Saturday, February 8th, was my birthday. I turned…one year
older better. I jokingly told everyone I was turning 28. But they know better than to ask me my age.
I look 10 to 15 years younger than I am. Don’t add either figure to 28 (in case you’re trying to figure out my age), it’s a random number, and don’t think that I’m boasting (or delusional). In 2012, I went grocery shopping around Christmas Eve. When the supermarket cashier saw a bottle of champagne among the grocery items, this is what happened:
Cashier: I’m going to need to see your I.D.
Me: I LOVE YOU.
Cashier: You might love me but I still need to see your I.D.
Cashier (looking at I.D.): Whoa, you are incredible.
Me: <Big Smug Smile>
My husband (to Cashier): Aren’t you going to ask me for my I.D.?
Cashier (to husband): Are you jealous, Boo Boo?
I can tell you that in asking for my I.D. she took off more than 10 to 15 years from my age. She made my day. Well, more than my day, since I’m still talking about it two years later. But, anyway, all this to set the context for the rest of my post.
I think that we Americans are obsessed with age. This obsession is evident in many ways. I’m confronted with it every day in the countless news articles that I read in order to find sources for my blog posts. I have lost track of the many times that I’ve wondered why it was necessary to include someone’s age in a news story. This is especially true when the article is on celebrities. In a recent one on People.com, the magazine reports “Morton, 66, says that Washington’s nurturing personality will make her a great mom.” Joe Morton plays the role of Olivia’s (Kerry Washington) father on Scandal. There is absolutely no need to include Morton’s age in this instance, except maybe to imply that he knows what he’s talking about since he’s older. That is, of course, assuming that the readers believe that wisdom comes with age.I’m not one of those readers.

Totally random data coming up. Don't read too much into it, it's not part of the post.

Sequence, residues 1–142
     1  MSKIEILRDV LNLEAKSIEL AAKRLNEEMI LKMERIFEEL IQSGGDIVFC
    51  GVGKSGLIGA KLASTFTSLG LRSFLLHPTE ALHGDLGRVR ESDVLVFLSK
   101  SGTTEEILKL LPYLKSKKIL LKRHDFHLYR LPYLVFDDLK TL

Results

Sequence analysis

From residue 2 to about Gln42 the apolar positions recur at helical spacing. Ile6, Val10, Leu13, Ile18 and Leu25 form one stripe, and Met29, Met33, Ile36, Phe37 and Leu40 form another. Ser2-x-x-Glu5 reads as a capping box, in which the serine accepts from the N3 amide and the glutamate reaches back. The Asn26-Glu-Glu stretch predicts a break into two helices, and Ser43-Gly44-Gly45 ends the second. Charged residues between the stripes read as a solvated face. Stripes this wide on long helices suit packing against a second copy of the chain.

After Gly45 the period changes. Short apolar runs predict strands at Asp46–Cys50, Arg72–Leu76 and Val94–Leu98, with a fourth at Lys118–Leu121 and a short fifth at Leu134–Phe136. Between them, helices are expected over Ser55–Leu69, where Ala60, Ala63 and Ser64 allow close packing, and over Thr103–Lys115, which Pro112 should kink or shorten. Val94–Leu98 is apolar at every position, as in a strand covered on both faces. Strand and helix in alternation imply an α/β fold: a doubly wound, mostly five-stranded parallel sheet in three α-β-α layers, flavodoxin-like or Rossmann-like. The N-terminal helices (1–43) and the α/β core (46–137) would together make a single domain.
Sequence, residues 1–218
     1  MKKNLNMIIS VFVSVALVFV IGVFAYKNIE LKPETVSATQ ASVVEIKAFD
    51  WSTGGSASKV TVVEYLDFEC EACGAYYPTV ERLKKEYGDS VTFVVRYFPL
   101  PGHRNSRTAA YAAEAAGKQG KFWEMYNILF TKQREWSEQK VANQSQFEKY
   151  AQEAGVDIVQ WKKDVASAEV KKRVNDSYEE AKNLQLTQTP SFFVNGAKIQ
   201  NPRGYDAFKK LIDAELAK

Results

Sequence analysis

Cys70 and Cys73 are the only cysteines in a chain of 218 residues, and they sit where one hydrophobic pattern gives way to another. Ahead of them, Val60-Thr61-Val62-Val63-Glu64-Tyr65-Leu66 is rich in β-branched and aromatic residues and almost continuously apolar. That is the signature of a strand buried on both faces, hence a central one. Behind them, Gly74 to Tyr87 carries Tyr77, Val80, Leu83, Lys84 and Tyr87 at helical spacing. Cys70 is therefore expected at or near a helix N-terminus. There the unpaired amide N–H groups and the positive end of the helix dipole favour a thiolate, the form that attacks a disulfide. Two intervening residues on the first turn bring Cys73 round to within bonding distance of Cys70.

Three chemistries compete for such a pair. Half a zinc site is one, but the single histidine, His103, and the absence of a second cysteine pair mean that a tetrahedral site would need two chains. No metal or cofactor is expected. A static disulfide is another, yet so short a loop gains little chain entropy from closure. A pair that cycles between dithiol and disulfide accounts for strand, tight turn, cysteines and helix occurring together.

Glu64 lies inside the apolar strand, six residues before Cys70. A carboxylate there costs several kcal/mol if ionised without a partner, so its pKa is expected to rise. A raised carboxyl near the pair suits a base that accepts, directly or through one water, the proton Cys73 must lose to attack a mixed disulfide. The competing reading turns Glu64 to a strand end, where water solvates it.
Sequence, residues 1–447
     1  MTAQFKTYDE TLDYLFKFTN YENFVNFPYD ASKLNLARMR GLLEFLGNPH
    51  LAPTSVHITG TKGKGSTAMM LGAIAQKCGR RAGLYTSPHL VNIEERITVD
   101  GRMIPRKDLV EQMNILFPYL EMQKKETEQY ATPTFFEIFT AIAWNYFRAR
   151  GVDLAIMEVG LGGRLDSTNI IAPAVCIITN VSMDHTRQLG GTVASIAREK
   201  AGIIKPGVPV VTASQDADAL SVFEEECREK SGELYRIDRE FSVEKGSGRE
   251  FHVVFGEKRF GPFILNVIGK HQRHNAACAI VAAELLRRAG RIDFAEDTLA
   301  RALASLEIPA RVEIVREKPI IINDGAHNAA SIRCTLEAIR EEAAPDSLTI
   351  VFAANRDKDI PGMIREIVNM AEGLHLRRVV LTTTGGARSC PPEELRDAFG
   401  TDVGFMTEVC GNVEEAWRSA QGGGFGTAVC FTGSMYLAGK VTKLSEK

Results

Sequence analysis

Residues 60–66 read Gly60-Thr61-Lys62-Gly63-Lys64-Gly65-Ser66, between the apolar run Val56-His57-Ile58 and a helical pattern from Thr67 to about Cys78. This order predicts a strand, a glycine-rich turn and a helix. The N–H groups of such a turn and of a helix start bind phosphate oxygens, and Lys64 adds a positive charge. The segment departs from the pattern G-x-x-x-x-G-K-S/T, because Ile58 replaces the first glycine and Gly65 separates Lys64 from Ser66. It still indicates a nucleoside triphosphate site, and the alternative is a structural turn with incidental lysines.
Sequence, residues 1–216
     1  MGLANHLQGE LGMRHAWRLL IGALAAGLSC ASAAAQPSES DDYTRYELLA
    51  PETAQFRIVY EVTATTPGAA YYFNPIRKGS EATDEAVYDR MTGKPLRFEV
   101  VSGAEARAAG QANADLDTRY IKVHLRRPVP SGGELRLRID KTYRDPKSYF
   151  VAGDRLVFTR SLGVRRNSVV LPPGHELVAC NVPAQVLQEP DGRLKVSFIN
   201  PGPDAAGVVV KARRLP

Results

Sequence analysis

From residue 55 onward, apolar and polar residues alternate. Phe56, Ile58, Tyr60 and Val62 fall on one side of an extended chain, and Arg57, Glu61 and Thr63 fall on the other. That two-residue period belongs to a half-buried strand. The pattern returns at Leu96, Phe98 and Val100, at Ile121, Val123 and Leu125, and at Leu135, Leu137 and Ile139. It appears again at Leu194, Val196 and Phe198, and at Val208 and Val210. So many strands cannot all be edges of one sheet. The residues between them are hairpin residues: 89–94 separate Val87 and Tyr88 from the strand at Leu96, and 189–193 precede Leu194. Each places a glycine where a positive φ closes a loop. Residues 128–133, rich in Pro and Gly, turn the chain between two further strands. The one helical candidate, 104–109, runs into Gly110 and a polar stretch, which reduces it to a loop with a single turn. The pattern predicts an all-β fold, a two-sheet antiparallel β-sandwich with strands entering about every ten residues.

Most recently, I was reminded of our obsession with age with the recent news article published by CNN.com, on Michelle Obama turning 50 years old, She’s 50?! Famous Women With A Big Birthday In 2014. Why the question and exclamation marks? It’s 50, not 100! Besides, if they’re so age-conscious, don’t they know that 50 is the new 30? That’s the logical mathematical deduction if 40 is the new 20, by the way.
As far as I’m concerned news articles should not include someone’s age unless it’s integral to the story, like a 10-year old prodigy going to college, or when someone dies (for some reason, knowing someone’s age when they die is important to me).
Now, let me tell you why I don’t like to reveal my age. I have two very good reasons. The first has to do with the fact that we Americans are “categorizers.” Twenty-year olds do this, thirty-year olds do that, New Yorkers are like this, Southerners are like that. I don’t want to be pigeonholed. The second reason has to do with my body. Modern scientific research has already shown the critical role that the mind-body connection plays in our health. But I believe that we have just seen a very small tip of the iceberg. What if the reason we “look our age” is because we believe that’s what we should look like at that particular age? What if by telling ourselves that we are younger, our cells “hear us” and actually stay younger, not only reversing cellular ageing, but resulting in younger-looking, healthier us? I believe that this can happen, even though I’m no scientist. And yes, this means that when I look at myself in the mirror I also tell myself (my cells) that I’m 28.
But why are we Americans so obsessed with age (and ageing)? I can understand the difficulty of facing the deterioration of our bodies (and often our minds). The thing is that now we go to great—as in ridiculous—lengths to fight looking old. “Old” has also become a bad word. Because I believe that words are powerful, a new way of looking at age has to start with a new way of expressing ourselves. For instance, we should stop asking, “how old are you?” and replace it with “what is your age?” The former carries a judgment, the latter does not. I find it curious that in Latin-language cultures, that use the what-is-your-age formulation, old people are held in higher esteem than in our country. We also need to get rid of the term “middle-aged.” It sounds like an expression from the Middle Ages, a time when a 15-year old was middle-aged (since life expectancy was 30).
These are the thoughts that I had on my birthday. I wonder what thoughts I will have next year when I turn 28?